How to Save Mail in a Folder

October 5, 2006

So you have mail that you want to save, but you don’t want it hanging around in your Inbox? Thunderbird allows you to create a folder that will store emails. Here’s how to do it:

New Folder Dialog

Go to File > New > Folder

Give the folder a name and choose where you want to put the folder. To pick a location that already has folders in it (like your account name), keep going through the menus until you find “choose this for the parent”; that will choose that folder as the place to make your new folder.
Click Ok.

Start moving messages to your new folder.

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The icon

October 5, 2006

Thunderbird iconOk, we’ll start with the simplest stuff: the icon. You need to know what icon to click on to open the program, right? So this is it. The blue bird wrapped around an envelope. This icon was designed by Jon Hicks of Hicks Design UK. It’s the same on Windows and Mac, but there is at least one difference. When new mail arrives, the icon of the Mac changes to this:New Mail icon This just lets you know you have a new message waiting on you.

On the PC, when you get a new message, you get a little envelope in the taskbar (near the clock). It doesn’t tell you how many messages you have, but it will let you know you have something waiting on you!


How to Write a New Message

September 25, 2006

When you hit the Write button, it will open a blank email to no one and in the To: field, you can type in an email address. If you’re sending to someone already in your address book, begin typing their name and the name/address should automatically fill in. This works the same for groups also. If you’re not sure about a name or address, you can hit the Contacts button and it will bring up a sidebar with your contacts to choose from.Newmessage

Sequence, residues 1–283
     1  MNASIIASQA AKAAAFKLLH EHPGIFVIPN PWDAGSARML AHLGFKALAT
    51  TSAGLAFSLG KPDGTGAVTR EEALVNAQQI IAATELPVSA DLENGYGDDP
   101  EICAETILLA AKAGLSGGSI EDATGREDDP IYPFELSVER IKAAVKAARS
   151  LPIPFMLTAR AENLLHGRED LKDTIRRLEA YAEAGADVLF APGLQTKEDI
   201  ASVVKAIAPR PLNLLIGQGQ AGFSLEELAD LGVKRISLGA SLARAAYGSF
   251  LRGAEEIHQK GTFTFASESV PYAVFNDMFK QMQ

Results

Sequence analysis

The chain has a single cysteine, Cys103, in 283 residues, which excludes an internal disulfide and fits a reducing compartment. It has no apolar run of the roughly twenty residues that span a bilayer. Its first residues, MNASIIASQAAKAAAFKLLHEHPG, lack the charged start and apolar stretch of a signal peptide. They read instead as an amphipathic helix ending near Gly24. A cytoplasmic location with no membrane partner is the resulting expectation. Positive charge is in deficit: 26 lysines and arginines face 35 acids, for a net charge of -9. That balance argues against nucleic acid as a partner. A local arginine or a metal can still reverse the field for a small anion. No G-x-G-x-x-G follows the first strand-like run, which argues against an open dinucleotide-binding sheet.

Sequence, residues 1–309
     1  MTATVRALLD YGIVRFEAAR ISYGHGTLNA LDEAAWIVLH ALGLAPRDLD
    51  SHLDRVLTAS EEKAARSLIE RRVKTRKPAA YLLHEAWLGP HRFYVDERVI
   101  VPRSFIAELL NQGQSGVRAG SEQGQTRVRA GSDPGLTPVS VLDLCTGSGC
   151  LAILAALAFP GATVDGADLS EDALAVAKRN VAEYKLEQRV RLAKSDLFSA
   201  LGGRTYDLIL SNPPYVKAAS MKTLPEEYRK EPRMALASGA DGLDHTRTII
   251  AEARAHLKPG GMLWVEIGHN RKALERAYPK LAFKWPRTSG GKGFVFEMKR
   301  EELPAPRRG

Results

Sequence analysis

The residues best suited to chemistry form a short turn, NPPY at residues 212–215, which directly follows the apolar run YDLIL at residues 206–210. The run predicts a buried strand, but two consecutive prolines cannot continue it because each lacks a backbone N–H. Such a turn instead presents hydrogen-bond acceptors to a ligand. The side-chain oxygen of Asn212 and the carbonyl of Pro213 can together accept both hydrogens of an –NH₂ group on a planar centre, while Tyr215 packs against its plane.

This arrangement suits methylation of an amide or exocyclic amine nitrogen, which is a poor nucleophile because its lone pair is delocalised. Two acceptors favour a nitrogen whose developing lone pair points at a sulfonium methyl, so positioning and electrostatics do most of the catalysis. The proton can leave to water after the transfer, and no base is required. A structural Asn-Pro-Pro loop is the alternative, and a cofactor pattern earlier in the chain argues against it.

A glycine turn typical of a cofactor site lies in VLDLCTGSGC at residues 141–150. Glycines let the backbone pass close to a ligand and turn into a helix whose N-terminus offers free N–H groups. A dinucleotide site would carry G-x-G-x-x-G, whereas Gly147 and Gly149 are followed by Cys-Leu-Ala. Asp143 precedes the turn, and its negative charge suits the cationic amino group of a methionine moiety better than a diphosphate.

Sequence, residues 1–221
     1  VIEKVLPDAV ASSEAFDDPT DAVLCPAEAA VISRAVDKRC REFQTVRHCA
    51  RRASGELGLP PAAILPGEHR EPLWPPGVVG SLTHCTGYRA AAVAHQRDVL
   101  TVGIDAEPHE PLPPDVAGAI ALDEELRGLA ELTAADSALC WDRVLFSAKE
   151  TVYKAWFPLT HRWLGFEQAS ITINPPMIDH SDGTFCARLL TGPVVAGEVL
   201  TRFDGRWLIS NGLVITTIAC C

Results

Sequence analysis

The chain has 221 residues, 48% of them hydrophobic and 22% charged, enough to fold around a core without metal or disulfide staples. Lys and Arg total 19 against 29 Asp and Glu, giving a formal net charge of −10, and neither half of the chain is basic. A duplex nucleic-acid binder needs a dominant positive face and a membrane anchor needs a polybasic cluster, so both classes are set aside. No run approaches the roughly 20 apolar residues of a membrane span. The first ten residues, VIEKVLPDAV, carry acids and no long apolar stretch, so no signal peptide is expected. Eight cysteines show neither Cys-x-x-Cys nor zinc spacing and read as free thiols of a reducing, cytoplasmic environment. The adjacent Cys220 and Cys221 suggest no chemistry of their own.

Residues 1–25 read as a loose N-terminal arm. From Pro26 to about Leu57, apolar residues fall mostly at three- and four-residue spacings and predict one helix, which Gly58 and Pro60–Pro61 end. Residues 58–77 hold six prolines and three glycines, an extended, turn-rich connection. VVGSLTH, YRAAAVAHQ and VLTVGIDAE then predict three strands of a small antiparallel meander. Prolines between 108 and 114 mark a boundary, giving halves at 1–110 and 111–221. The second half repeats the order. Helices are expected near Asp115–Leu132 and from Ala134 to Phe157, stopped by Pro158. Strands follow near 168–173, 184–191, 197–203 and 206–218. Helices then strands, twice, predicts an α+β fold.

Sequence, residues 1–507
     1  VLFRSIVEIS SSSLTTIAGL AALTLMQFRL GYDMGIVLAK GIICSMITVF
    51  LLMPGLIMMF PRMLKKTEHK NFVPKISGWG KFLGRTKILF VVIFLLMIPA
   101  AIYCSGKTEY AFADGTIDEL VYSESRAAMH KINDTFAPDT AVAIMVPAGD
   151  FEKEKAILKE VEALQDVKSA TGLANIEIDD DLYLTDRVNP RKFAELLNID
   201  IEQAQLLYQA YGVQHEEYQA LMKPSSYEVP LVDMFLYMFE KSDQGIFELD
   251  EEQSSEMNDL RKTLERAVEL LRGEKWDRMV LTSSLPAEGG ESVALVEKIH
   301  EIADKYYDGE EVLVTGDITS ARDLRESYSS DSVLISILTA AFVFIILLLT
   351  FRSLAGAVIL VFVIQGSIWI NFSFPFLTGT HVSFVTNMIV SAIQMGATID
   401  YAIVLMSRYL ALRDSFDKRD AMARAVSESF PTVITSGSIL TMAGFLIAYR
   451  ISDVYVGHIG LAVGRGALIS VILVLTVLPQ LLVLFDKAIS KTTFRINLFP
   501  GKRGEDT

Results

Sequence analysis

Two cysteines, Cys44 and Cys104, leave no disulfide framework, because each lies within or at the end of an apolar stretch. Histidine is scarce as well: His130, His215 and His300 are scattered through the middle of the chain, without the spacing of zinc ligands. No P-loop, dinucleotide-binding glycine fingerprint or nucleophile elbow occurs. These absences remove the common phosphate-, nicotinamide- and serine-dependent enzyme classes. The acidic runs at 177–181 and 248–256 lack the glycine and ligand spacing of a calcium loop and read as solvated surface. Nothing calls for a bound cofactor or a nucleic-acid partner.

If you want to CC: additional people, you can change the To: field to a CC:, BCC:, Reply-To:, Newsgroup:, or Followup-To:.

If you need to attach a document to the email, hit the Attach button, it will open a Finder/Explorer window and you can find your document and attach it.

If you decide not to send the email when you finish typing it, you can hit the Save button and the email will be saved in the Drafts folder for you to send later.


Buttons

September 8, 2006

As part of learning the interface, I’m going to explain what each button does.

Buttons Bar
Get Mail – checks the email server for new messages and sends any messages you have waiting to go out.

Write – opens a blank email.

Address Book – opens up your address book.

Reply – opens an existing email and allows you to reply to the sender.

Reply All – opens an existing email and allows to you reply to the sender and all the other recipients.

Forward – opens an existing email and allows you to send it to someone else.

Delete – throws an existing email away.

File – allows you to move an email to another folder.

Junk – labels a message as “junk mail”. If your Junk Mail Controls are setup, it will also move the “junk” message to the Junk folder.

Print – allows you to print an email.

Stop – stops Thunderbird from contacting a server.


Hello world!

September 5, 2006

Welcome to the Unofficial How-to blog for Thunderbird.

Let’s get the introductions out of the way. My name is Chris. I work at a school in Nashville, TN as one of the technology administrators and we are using Thunderbird this year as the “official” staff email app. I am not related to the Mozilla Foundation in any way; other than as a user/fan.

I’m using this blog as a way to help train our faculty & staff on the use of Thunderbird and to help them see what all it can do. I will try to write all the tutorials in a way that anyone can understand (not too many school inside jokes or references), so hopefully other people can benefit from these tutorials also. If you find something that’s not correct, please let me know and I’ll check it out. For reference, I’m giving all instructions from the most current version at the time, which right now is 1.5.0.5.

I hope you find these tutorials helpful and maybe you learn a thing or two (I’m sure I will).